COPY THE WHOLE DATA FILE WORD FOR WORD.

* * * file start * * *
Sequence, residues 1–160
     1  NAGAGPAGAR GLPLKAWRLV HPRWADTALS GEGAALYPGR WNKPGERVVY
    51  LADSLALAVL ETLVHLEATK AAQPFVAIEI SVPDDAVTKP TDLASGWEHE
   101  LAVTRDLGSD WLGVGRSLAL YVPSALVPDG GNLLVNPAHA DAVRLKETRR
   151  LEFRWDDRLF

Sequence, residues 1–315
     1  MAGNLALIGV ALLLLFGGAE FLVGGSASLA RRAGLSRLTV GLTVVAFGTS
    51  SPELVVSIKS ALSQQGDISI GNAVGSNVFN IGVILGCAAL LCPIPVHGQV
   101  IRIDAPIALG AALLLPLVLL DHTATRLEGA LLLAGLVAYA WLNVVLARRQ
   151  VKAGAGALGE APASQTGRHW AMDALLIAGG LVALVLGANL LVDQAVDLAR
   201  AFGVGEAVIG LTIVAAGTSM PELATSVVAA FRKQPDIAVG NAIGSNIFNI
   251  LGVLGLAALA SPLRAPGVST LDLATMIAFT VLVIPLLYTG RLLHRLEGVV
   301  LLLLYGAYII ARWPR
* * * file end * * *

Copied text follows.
Sequence, residues 1–160
     1  NAGAGPAGAR GLPLKAWRLV HPRWADTALS GEGAALYPGR WNKPGERVVY
    51  LADSLALAVL ETLVHLEATK AAQPFVAIEI SVPDDAVTKP TDLASGWEHE
   101  LAVTRDLGSD WLGVGRSLAL YVPSALVPDG GNLLVNPAHA DAVRLKETRR
   151  LEFRWDDRLF

Sequence, residues 1–315
     1  MAGNLALIGV ALLLLFGGAE FLVGGSASLA RRAGLSRLTV GLTVVAFGTS
    51  SPELVVSIKS ALSQQGDISI GNAVGSNVFN IGVILGCAAL LCPIPVHGQV
   101  IRIDAPIALG AALLLPLVLL DHTATRLEGA LLLAGLVAYA WLNVVLARRQ
   151  VKAGAGALGE APASQTGRHW AMDALLIAGG LVALVLGANL LVDQAVDLAR
   201  AFGVGEAVIG LTIVAAGTSM PELATSVVAA FRKQPDIAVG NAIGSNIFNI
   251  LGVLGLAALA SPLRAPGVST LDLATMIAFT VLVIPLLYTG RLLHRLEGVV
   301  LLLLYGAYII ARWPR